Synthesis and electrochemical performance of micro-mesoporous carbon-sulfur composite cathode for Li–S batteries
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Even though significant improvement has been made in the Li–S battery technology, the poor cycling and rate performance have always limited the further growth. Thus, the development of cost-effective and high performing electrodes is considered to be an important technology for the practical aspect. It is quite logical that the porous electrode systems can improve the electrochemical performance of a given battery system. Here, this study benchmarks a new class of electrodes based on double (micro and meso)porous carbon spheres (MMPCs) prepared by a facile soft template method followed by wet chemical etching. The particle size analysis, performed by scanning electron microscopy, shows that the templating agents, such as sodium dodecyl sulfate (SDS) and cetyltrimethylammonium bromide(CTAB), have a distinct effect on the size distribution of carbon particles. Different electrochemical characterizations have been carried out to understand the effect of SDS and CTAB on the electrochemical performance of carbon-sulfur nanocomposite electrode. BET analysis shows that the pore size distribution of the carbon spheres prepared by only the soft template method (MPCs) is mainly in the micropore range, which limits the storage and the dispersive capacity. However, the etched samples (MMPCs) showed better electrochemical performance, such as high initial discharge capacity of 921 mAh g−1(sulfur loading ∼77.2%) with 82.7% capacity retention at the end of 150 cycles at 200 mA g−1 and an impressive rate capability of 1086 mAh g−1 at a current density of 100 mA g−1.This improved performance could be attributed to the double porous structure of MMPCs. Such a feasible and facile architecture provides a good strategy to prepare other different materials that require better material dispersion and electrode/electrolyte interactions.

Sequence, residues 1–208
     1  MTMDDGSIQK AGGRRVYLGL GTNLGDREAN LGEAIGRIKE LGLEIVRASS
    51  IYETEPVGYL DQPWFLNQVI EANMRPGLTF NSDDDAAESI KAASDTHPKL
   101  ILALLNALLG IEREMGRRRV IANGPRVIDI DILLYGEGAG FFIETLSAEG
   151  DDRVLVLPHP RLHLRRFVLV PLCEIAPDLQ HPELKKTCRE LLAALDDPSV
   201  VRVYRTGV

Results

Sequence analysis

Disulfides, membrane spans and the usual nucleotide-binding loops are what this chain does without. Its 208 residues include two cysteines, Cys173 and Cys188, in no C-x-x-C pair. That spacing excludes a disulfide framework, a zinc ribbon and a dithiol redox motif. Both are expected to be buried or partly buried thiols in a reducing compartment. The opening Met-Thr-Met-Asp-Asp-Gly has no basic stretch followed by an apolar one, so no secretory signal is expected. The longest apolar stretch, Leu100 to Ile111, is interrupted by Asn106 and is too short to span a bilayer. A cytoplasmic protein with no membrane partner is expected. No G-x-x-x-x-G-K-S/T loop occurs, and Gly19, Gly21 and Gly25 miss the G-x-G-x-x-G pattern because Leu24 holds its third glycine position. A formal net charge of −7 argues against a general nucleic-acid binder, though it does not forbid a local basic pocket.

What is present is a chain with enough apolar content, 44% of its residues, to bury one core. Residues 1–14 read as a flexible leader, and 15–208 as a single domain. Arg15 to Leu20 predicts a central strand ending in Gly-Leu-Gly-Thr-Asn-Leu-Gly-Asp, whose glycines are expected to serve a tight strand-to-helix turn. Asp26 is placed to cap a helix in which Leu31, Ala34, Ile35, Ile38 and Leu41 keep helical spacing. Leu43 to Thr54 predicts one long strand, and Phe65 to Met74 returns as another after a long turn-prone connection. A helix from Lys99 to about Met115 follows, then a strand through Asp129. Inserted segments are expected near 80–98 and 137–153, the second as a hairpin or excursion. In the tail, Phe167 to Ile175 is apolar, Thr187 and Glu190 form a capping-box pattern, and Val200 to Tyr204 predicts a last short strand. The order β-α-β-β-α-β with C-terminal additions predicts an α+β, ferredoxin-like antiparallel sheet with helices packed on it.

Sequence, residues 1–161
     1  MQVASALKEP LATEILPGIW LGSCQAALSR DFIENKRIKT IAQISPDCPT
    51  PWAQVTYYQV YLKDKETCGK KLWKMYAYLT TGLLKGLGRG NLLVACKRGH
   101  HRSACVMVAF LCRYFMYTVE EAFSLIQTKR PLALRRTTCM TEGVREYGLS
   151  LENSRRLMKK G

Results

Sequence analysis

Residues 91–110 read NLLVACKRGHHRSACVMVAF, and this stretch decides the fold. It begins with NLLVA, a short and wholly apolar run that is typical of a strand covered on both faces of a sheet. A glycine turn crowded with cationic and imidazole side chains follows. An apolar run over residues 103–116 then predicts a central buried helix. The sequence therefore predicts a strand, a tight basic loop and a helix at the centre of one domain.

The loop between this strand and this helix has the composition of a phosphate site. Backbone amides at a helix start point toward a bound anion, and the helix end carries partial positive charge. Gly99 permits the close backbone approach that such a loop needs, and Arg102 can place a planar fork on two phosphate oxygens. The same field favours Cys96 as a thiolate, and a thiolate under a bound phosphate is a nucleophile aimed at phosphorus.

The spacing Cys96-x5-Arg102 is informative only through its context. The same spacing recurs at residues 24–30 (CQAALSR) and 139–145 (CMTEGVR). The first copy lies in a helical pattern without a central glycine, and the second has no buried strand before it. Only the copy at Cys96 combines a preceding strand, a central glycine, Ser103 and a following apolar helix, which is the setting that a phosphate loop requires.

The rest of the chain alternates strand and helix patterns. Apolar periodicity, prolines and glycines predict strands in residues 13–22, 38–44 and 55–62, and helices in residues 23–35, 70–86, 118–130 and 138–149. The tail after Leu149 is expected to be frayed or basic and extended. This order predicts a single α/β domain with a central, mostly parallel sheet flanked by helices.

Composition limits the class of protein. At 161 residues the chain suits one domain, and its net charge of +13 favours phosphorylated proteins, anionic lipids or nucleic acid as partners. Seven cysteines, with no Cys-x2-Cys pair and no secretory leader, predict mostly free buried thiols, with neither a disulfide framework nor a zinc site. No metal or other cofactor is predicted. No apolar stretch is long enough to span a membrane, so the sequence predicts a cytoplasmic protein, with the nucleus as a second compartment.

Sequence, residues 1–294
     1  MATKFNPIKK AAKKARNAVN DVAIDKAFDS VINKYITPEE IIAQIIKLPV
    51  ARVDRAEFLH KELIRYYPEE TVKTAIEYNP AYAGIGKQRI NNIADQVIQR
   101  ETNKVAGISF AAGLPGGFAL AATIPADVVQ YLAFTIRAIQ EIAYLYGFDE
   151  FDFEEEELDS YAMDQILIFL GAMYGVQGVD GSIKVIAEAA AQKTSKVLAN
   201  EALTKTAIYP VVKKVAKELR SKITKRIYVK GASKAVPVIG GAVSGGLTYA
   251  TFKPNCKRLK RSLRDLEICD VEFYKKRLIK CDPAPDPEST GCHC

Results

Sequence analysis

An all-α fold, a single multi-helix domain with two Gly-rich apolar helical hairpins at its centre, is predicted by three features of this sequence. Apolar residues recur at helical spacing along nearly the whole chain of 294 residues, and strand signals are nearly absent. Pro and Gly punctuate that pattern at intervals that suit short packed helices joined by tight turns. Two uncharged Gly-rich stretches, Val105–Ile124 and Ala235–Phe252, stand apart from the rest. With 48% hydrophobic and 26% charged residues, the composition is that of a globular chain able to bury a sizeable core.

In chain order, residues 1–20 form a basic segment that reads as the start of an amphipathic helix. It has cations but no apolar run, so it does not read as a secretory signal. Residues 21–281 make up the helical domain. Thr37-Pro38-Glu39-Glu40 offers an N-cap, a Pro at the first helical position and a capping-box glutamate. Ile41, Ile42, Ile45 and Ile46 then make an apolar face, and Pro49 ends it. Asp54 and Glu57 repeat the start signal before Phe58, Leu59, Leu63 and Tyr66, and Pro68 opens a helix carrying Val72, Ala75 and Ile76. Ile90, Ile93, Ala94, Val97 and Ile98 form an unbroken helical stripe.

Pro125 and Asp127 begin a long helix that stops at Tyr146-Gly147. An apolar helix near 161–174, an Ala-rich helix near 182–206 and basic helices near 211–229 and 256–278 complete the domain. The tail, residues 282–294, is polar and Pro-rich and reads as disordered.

KeywordsMicro-mesoporous carbon Soft template Electrochemical performance Lithium-sulfur batteries
This work was supported by the National Natural Science funds (21534008).
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